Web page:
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paul devereux

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  1. Oh, I agree, this is a very helpful forum, but there are a few 'committee' jobsworths who probably don't actually fly but sit on their folding chairs telling newcomers a chuck glider or a rubber-powered model can take your eye out if you try it. Lol. Not doing the hobby any good imo.
  2. I agree 100%. I did approach a club once, and was told I needed a restraint- for an electric model. I don't see the sense in that,as it is only live when I connect the battery, and then it is in my hands. I'm not going to run up or tweak the engine. Also that I needed to learn to programme an ESC- I don't get that either, if it doesn't work I'll fault find, but if it works why fix it? That's why I find clubs off-putting.
  3. When you mentioned toilets with regard to RC flying, I thought perhaps you had some difficulties. Portacabins aren't expensive,perhaps your club can get you one, lol!
  4. It is well known that people rarely give positive feedback as they are mostly motivated when they feel they have been short-changed, but I just wanted it to be on the record saying that this forum has been so very helpful. Model flying has only been a recent interest of mine (work, horses and PC gaming are my main interests) but I took up RC flying a year ago. I've used various forums (RCG, YT, etc) but this has been the most helpful one. Real life flying is the main learner of course, but this forum has taught me to programme a radio and trim a model. I just thought I'd mention that, some of my threads have got a bit heated, but to me, that's all learning.
  5. Like most of us, we are all getting older, things aren't getting better for us personally are they?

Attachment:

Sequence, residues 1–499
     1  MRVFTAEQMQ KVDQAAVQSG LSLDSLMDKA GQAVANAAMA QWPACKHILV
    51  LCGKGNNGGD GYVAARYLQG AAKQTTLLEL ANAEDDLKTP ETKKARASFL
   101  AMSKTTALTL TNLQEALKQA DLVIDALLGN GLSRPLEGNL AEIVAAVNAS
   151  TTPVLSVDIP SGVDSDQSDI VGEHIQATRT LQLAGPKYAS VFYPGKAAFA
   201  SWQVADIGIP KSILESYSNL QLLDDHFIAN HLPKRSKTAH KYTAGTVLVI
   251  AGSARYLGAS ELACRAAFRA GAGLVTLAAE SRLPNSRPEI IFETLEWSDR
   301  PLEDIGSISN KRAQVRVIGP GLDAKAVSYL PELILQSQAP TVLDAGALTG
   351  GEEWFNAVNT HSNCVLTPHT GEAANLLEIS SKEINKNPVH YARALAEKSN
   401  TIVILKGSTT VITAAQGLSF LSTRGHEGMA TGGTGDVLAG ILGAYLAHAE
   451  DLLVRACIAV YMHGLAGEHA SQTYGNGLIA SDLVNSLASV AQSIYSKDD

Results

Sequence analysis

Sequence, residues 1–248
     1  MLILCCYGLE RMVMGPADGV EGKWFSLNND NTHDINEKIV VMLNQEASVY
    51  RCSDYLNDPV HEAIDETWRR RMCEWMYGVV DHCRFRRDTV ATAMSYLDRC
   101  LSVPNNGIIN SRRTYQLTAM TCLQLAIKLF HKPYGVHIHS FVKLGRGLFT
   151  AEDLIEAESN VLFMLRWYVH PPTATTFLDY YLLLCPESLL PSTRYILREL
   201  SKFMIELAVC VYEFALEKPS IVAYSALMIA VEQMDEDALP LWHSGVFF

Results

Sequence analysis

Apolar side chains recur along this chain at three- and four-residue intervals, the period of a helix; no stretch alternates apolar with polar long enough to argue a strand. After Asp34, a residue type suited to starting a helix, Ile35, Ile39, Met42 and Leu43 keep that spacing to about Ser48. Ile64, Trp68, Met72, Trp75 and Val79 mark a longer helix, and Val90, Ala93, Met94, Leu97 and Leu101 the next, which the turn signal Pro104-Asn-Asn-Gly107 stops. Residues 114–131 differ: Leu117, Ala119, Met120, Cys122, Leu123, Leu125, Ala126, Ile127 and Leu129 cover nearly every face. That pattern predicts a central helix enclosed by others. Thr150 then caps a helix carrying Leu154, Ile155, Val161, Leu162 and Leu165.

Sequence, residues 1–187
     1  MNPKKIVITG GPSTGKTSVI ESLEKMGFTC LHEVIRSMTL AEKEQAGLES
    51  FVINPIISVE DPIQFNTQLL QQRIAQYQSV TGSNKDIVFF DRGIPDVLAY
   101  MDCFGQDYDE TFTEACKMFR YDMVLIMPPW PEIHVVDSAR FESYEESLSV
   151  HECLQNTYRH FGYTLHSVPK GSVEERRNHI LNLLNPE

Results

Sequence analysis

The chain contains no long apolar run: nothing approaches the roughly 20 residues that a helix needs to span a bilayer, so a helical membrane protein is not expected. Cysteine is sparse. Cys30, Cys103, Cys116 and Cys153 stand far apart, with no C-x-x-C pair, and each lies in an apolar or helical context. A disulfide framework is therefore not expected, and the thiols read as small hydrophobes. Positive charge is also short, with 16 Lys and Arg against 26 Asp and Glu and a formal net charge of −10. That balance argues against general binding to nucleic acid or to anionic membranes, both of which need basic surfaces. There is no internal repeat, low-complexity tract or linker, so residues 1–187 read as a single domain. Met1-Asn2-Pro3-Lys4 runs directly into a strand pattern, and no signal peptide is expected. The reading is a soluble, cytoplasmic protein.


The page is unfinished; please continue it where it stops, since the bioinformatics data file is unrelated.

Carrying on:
6. Well, yes, facts often get in the way of opinions. It's true that when I rode regularly it was more fun going out with other people. I remember once cantering close to a gallop with a mixed group of us (a New Forest Pony, an ex-hunter, and three cobs) on the Downs near the coast, SS Waverly was steaming along towards Weymouth, it was a lovely evening, absolute magic! People have said some kind and encouraging things since I mentioned a club in this thread but I have a couple of reservations: One is that it may be a sense of failure- I set out to learn to fly, I can now do it without crashing, in fact I can whizz about without worrying about crashing and I study YouTube tutorials to learn how to do stall turns,etc. Joining a club would feel a little bit like I failed to make it on my own. But the major thing is, like @toto as a beginner in a club I'd be dependent on someone available to tutor me- I'd never pass Part A, I have no interest in learning how to programme an ESC, for example. So I'd drive 75 mins to a club hoping someone could tutor me, and they may not turn up or be too busy. While I can just use my own field in complete safety away from everyone. Not to say I neglect safety- I make sure the throttle stops on loss of signal and that I do the range check. And I am insured with the BMFA and done the CAA test. But flying in 2 acres, in the middle of 10 acres, is pretty safe.